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        Keep your cards clean and unbent, with the magnetic shut as well as an interior made with soft lining. These features will all provide more protection to your card as you store them in style.

        UBAYMAX Leather Business Name Card Holder Case Wallet, $6.99.

        4. SunplusTrade Professional Business Card Holder Case

          SunplusTrade professional business card holder case is a slim and barebones style for those of us who prefer a more minimalist feel. The sturdy construction is made with high-quality stainless steel with a brushed satin finish.

          Store your business cards, or credit cards, ID cards, etc., in this unassuming but sleek case. You can keep around 13 to 18 business cards in this case at once.

          SunplusTrade Professional Business Card Holder Case, $5.99.

          5. Partstock(TM) Business Name Card Holder

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            Partstock’s design holds more than to 25 business cards, credit cards or IDs. Made with a combination of stainless steel and durable leather, this card holder is both stylish and protective.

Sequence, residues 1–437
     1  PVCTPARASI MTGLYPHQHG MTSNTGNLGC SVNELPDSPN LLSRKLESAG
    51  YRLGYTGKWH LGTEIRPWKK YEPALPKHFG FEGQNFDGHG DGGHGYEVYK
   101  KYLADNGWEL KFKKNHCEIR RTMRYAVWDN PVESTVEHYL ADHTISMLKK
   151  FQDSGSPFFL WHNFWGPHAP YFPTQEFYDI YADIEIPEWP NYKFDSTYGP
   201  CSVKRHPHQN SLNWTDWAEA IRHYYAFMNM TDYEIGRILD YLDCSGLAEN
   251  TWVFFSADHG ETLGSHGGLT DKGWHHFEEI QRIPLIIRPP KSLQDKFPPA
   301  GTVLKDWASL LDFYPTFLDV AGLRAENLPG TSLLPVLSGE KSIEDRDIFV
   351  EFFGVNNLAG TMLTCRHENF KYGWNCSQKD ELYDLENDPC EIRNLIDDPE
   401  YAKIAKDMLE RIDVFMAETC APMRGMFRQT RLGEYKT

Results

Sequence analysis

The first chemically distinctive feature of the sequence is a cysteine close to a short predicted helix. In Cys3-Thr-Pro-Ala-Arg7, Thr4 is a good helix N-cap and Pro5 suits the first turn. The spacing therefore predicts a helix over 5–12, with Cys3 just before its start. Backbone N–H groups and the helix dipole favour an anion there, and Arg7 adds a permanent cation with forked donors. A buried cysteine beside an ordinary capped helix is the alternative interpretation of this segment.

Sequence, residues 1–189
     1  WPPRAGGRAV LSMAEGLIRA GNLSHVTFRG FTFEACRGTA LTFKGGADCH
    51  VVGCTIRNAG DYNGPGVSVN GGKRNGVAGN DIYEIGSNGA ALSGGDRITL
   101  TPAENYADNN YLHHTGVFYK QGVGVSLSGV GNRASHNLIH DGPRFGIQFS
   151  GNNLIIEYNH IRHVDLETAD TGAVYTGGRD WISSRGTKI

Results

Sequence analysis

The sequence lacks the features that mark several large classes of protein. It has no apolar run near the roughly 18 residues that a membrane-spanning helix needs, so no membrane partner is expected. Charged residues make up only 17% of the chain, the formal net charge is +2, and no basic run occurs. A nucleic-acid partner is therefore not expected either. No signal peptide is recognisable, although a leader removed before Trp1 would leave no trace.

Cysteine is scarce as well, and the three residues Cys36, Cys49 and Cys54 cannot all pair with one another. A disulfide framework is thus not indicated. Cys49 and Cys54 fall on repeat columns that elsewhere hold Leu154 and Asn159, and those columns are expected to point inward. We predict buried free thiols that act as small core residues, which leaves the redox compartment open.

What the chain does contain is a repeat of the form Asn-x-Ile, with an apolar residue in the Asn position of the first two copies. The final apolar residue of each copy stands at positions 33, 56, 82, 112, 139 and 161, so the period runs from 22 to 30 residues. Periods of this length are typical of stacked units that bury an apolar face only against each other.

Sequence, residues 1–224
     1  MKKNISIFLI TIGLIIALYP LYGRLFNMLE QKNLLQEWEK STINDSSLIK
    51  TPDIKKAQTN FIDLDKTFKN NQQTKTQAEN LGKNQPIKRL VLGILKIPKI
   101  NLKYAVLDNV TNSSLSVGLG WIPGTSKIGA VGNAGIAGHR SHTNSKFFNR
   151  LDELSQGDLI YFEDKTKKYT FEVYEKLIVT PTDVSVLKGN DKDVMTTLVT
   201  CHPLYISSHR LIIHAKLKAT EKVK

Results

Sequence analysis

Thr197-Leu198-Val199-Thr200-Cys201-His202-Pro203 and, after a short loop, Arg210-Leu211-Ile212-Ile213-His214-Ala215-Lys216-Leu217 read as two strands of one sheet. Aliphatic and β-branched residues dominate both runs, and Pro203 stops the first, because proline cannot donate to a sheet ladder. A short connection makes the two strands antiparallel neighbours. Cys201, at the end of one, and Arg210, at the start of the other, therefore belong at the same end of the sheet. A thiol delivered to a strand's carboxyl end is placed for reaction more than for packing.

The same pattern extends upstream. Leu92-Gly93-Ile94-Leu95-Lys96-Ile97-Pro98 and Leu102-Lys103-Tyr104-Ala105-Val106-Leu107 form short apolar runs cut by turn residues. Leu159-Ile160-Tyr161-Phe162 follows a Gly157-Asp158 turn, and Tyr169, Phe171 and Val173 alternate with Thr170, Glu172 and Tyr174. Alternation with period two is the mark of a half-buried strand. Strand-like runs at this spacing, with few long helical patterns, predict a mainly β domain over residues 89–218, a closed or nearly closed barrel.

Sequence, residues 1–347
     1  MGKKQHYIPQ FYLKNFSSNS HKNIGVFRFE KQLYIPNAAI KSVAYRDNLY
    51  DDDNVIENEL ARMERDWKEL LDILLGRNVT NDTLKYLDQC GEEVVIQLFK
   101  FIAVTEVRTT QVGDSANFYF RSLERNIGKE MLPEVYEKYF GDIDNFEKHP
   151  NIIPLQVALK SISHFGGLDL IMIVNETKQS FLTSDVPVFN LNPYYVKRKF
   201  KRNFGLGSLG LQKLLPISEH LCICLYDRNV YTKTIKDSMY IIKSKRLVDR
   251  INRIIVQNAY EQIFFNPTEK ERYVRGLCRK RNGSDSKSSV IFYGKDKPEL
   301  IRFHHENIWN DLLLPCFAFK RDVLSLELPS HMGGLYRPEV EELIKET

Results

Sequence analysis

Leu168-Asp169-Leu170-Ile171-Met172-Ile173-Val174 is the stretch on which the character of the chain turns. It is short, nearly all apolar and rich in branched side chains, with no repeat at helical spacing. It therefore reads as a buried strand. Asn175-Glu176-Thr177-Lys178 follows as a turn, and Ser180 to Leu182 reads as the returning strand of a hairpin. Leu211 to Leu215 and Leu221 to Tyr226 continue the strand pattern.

This sleek design will totally disappear in your pocket or hand: it feels incredibly comfortable with its leather cover, for which you can choose from a variety of different colors and patterns.

            Partstock(TM) Business Name Card Holder, $6.99 (different colors patterns available).

            6. Partstock PU Leather Wallet Case with Magnetic Shut, Yellow

              Partstock makes this slightly different design for people who are love an extra design pop. If you’re not satisfied with the traditional and everyday stainless steel design, this is the business card holder for you.

              The product has a fine texture and comfortable tactile impression, able to hold more than 25 business cards. If you’re looking for a higher-capacity business card holder with a variety of colors to choose from, this one is for you.

              Partstock PU Leather Wallet Case with Magnetic Shut, Yellow, $8.99 (more colors available).

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              7. KINGFOM™ Stainless Steel Wallet Business Name Credit ID Card Holder Case

                KINGFOM’s unique design makes it super easy to slide out your business cards, credit cards, or ID. Premium Stainless Steel with a combination of high polish and beautiful satin finish leave the impression of a high-powered business executive.